I executed below command:

kubectl proxy --port=8081 &
kubectl proxy --port=8082 &

and of course I have 2 accessible endpoints:

curl http://localhost:8081/api/
curl http://localhost:8082/api/

But in the same time two running processes serving the same content. How to stop one of these processes in "kubectl" manner? Of course, I can kill the process but it seems to be a less elegant way...


I believe the "kubectl way" is to not background the proxy at all as it is intended to be a short running process to access the API on your local machine without further authentication.

There is no way to stop it other than kill or ^C (if not in background).

You can use standard shell tricks though, so executing fg then ^C will work or kill %1

  • ^C didn't kill the process for me :\ – Archonic Jul 16 '18 at 8:00

Run this command to figure out the process id (pid):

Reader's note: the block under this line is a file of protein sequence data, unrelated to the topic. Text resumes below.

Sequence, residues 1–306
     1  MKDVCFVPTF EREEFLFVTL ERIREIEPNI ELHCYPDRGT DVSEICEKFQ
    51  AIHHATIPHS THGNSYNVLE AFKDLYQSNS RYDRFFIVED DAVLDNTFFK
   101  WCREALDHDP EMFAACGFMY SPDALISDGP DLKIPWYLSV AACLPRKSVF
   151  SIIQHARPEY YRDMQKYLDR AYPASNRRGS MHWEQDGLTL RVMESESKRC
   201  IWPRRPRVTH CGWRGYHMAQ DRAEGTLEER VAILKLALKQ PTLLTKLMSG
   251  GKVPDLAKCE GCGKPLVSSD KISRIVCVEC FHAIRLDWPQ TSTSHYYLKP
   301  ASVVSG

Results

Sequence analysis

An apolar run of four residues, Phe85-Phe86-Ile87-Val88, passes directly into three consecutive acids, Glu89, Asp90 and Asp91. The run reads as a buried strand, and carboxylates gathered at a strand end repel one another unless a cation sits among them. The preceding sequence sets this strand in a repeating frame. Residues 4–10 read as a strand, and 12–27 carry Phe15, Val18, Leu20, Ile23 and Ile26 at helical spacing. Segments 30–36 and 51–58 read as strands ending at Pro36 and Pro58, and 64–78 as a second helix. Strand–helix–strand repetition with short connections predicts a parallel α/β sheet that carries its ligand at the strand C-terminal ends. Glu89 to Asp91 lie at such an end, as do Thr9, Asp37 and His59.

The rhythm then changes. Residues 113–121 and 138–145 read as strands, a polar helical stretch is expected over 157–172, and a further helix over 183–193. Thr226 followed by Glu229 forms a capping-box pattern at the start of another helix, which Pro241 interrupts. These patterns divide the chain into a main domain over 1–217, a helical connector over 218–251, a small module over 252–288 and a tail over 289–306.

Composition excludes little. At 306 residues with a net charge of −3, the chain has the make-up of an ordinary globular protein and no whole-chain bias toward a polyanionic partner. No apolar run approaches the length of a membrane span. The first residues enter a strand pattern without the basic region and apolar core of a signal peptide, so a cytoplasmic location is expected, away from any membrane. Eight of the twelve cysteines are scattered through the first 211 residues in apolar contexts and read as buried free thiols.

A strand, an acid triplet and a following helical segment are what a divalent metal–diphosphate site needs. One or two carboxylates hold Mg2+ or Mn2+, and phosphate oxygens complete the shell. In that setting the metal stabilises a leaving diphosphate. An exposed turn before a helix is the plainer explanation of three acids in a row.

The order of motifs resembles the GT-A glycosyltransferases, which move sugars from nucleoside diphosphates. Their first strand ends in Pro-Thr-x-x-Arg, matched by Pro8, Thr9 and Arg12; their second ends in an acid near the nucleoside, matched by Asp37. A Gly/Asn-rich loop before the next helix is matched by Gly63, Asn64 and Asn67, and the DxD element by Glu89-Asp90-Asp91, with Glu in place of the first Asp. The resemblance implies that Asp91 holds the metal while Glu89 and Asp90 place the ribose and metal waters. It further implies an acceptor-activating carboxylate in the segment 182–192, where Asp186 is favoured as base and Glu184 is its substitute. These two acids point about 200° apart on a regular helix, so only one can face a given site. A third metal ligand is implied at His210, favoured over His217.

netstat -tulp | grep kubectl 

Then run sudo kill -9 <pid> to kill the process.

  • ist must be netstat not netsat – Datz Apr 13 '18 at 10:44
ps -ef | grep "kubectl proxy"

will show you the PID of the process

Then you can stop it with

kill -9 <pid>
  • kill is always an option – itiic May 29 '19 at 12:08

Depending on the platform you could wrap the proxy in service / daemon, but seems like overkill I would just add aliases or functions to start and source them in your terminal/shell profile to make it easier.



kubectl-proxy-start() {
    kubectl proxy &

kubectl-proxy-kill() {
    pkill -9 -f "kubectl proxy"

Filter (grep) all "kube" pids and kill with loop:

for pid in `netstat -tulp | grep kube | awk '{print $7}' | awk -F"/" '{print $1}'| uniq`
   kill -9 $pid
  • kill is always an option – itiic May 29 '19 at 12:08

The following works for me in the MacOS

pkill -9 -f "kubectl proxy"


Try this, using your port #s of course

$ pkill -f 'kubectl proxy --port=8080'

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